The state of Minnesota provides two excellent options for addressing harassment: orders for protection and harassment restraining orders. Although similar in many respects, these orders hold several key differences, which tend to prompt confusion among petitioners. Many of these distinctions involve the following eligibility standards:

Petitioner Relationship

Depending on the type of order sought by the victim, the relationship between the petitioner and the respondent may play a key role. To qualify for an OFP, the petitioner must meet at least one of the following eligibility standards.

  • Blood relative of the respondent.
  • Currently or previously resided together.
  • Pregnant with or already have a child together.
  • Are currently or were previously involved in a romantic relationship.

With HROs, no specific relationship needs to be established between the petitioner and the respondent.

Additional Eligibility Standards

Beyond the relationship considerations, OFPs maintain a variety of additional eligibility standards. To qualify, the victim must have suffered either physical harm, bodily injury or assault or the infliction of fear of imminent physical harm, bodily injury or assault.

As with OFPs, HROs are available to any victims who have suffered physical or sexual assault. Additionally, individuals can petition for HROs if they endured unwanted words, gestures, or acts that prompted an adverse impact or were “intended to have a substantial adverse effect on the safety, security, or privacy of another.” To qualify, however, such acts must have occurred on more than one occasion.

As a victim of abuse or harassment, there is no need to allow fear to dominate your daily life. An OFP or HRO could make all the difference. At the Brown Law Offices, we can help you secure the protection you need at this difficult time. Contact us to learn how we can assist you in obtaining the appropriate order based on your unique situation.

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Photo of Jason C. Brown Jason C. Brown

“I used to handle commercial litigation downtown, but it wasn’t very fulfilling. As Minnesota family law attorneys we have the privilege of helping people during one of the most challenging times they will face. This stuff really matters to our clients – and…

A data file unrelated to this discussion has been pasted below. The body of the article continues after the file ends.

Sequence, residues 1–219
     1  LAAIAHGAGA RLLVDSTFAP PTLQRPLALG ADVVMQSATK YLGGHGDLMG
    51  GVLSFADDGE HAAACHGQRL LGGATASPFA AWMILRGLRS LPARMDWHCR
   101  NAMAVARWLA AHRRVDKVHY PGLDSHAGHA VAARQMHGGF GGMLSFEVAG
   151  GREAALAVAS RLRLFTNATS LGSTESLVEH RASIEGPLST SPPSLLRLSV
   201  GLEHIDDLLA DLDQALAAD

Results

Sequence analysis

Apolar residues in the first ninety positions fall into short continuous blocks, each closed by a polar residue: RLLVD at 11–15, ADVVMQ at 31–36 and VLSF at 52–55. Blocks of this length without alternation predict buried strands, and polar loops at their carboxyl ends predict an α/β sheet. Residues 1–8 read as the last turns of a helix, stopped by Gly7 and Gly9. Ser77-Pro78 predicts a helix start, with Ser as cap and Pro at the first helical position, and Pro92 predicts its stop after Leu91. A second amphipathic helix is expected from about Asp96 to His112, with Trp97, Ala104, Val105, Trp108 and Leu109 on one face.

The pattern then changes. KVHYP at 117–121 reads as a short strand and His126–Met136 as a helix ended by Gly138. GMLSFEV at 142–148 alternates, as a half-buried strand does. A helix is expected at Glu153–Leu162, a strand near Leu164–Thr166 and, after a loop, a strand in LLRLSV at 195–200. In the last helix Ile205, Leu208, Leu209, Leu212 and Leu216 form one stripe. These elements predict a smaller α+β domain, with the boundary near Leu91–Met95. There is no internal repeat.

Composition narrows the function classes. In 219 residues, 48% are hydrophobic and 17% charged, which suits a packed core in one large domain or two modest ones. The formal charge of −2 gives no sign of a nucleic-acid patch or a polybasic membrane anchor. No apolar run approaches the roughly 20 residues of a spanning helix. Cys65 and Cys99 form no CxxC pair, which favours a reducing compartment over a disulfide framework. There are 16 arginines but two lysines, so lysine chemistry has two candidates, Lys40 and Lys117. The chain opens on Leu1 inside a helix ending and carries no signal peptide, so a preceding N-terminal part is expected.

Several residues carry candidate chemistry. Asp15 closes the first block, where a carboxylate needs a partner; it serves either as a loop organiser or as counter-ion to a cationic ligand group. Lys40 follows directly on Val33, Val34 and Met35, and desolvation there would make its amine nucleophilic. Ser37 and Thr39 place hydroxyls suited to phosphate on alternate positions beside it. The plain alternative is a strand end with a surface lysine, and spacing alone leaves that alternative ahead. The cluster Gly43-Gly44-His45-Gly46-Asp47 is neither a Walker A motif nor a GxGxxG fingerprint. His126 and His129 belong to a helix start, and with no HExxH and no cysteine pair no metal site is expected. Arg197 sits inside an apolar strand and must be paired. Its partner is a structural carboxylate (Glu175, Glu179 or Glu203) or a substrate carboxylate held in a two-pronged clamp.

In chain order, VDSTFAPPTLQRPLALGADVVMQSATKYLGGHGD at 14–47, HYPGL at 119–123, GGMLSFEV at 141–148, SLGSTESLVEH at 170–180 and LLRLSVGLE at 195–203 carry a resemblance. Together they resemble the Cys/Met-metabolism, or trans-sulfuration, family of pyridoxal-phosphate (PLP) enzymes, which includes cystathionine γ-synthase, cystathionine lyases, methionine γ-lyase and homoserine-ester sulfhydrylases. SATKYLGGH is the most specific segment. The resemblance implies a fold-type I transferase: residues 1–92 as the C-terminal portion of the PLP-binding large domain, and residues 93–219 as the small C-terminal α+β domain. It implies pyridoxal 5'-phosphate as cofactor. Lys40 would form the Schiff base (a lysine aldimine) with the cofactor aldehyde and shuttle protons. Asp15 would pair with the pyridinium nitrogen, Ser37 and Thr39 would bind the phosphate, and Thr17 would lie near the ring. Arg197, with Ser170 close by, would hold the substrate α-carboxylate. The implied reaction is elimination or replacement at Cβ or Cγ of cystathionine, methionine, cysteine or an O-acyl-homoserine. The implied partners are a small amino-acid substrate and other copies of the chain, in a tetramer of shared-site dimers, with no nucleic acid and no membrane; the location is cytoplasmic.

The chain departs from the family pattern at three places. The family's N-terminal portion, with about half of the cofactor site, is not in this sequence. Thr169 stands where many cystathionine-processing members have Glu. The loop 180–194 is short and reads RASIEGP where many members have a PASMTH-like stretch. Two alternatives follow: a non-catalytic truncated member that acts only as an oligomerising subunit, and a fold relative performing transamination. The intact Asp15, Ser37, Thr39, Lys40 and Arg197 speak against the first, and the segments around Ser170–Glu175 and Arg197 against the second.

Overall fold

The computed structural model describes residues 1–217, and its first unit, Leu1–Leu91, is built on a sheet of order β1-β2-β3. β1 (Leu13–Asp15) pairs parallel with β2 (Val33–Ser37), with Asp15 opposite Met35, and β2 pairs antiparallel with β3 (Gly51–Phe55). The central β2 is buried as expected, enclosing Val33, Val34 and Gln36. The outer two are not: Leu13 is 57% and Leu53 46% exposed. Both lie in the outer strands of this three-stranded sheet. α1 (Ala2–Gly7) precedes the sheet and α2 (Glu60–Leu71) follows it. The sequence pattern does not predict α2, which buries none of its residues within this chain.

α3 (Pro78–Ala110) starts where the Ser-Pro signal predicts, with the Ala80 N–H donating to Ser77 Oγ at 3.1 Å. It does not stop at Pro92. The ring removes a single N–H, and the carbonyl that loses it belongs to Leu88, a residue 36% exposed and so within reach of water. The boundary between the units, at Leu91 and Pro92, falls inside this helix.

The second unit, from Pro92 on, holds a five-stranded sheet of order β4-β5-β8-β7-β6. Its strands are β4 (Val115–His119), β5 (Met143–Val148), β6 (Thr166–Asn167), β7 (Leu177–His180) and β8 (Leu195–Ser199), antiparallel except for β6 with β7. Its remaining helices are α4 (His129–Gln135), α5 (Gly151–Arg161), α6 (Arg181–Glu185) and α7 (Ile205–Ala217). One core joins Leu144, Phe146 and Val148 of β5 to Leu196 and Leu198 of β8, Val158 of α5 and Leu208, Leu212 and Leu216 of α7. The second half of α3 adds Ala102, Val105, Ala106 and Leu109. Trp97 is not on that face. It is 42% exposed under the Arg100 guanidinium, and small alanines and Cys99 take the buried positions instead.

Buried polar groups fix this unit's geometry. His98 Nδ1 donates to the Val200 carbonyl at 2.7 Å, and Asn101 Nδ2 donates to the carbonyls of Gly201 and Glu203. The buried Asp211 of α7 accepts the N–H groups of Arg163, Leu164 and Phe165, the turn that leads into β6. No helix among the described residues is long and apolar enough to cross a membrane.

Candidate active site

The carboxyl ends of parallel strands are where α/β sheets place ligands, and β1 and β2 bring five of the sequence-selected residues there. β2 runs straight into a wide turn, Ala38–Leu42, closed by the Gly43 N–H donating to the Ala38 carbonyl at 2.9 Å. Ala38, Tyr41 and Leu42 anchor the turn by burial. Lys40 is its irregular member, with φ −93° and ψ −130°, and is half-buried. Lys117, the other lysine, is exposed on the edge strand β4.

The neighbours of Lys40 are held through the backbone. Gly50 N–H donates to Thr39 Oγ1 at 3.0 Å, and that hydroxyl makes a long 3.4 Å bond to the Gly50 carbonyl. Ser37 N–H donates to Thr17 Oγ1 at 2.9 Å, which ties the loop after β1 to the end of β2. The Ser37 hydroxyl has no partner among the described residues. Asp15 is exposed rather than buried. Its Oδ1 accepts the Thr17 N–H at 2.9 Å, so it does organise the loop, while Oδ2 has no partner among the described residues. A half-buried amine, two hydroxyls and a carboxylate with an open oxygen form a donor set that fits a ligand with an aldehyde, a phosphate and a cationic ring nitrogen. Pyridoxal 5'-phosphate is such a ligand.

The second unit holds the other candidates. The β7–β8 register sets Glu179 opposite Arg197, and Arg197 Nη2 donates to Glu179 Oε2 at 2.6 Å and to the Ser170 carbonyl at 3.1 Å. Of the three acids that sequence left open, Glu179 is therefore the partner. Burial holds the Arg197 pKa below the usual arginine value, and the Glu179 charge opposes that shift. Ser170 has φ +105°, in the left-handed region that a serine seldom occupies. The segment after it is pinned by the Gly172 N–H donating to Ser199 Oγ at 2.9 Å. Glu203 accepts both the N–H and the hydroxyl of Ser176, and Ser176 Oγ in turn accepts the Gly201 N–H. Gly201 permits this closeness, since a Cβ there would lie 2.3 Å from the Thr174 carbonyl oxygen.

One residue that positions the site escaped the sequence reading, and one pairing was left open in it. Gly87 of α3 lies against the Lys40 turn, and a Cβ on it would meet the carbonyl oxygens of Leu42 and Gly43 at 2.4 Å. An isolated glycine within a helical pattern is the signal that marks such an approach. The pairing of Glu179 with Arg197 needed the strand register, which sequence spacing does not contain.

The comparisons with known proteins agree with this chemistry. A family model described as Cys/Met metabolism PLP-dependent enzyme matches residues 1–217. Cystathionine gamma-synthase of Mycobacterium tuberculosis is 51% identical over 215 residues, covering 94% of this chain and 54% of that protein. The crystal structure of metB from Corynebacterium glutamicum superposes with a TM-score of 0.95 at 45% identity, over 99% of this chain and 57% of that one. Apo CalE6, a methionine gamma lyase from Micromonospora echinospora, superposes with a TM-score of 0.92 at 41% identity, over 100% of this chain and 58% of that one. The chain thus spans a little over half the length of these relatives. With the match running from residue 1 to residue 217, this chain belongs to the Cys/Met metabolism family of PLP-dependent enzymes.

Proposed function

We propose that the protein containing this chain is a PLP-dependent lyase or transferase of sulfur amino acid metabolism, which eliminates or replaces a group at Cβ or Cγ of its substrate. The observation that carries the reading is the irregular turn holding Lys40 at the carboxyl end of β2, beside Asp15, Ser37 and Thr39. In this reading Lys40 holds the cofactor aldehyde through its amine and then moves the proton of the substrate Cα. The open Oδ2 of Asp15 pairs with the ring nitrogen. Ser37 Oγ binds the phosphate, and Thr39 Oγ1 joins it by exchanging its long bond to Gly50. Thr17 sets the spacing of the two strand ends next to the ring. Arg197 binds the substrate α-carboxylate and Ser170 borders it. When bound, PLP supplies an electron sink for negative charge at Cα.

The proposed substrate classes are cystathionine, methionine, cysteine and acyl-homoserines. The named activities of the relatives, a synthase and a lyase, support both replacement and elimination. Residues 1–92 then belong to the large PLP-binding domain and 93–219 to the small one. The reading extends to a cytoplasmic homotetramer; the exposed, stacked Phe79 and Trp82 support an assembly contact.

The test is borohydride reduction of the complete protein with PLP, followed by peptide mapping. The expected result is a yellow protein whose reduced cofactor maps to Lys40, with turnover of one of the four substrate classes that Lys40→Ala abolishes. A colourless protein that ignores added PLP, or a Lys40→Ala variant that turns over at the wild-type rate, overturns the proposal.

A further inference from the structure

“I used to handle commercial litigation downtown, but it wasn’t very fulfilling. As Minnesota family law attorneys we have the privilege of helping people during one of the most challenging times they will face. This stuff really matters to our clients – and to us. We take pride in helping people move forward with their lives.”

Jason founded the Brown Law Offices, P.A. He has received national media attention for his work in the area of divorce and family law.

Jason Brown founded the Brown Law Offices, P.A., after clerking for the (now retired) Chief Judge of Minnesota’s Tenth Judicial District. He is an experienced trial lawyer, who handled a wide variety of cases (including civil commitment, criminal defense, probate, personal injury and commercial litigation) early in his career.

Today, Jason’s practice is dedicated exclusively to divorce and family law matters. He has successfully litigated against some of the more recognized family law attorneys in the Twin Cities. He has been named a “Super Lawyer” by Thomson Reuters, and one of the Top 100 Family Law Attorneys in Minnesota by the Society of Legal Advocates.

Jason is the former chairperson of the Family Law Section of the Minnesota Trial Lawyer’s Association, and taught divorce and family law coursework within the paralegal program at North Hennepin Community College. He publishes the Minnesota Family Law Blog, which has been recognized as a “Top 25″ by the Minnesota State Bar Association.

Local media appearances by Jason include WCCO Radio, KARE 11 Television, Fox 9 Television and WCCO Television. His national media appearances include NBC News, Time Magazine, USA Today and the Huffington Post.

Jason obtained his B.S., magna cum laude, from Minnesota State University, Mankato, and his J.D., cum laude, from the William Mitchell College of Law in St. Paul. While in law school Jason was a published staff writer and associate editor for the William Mitchell Law Review.

In addition to his work as a lawyer, Jason serves as a mediator, and court-appointed early neutral evaluator, in divorce and family law cases throughout Minnesota.

Outside of the office, Jason plays the bass guitar and serves on the Board of Directors at Northgate Church. He and his wife, Cynthia, also an attorney, have two boys.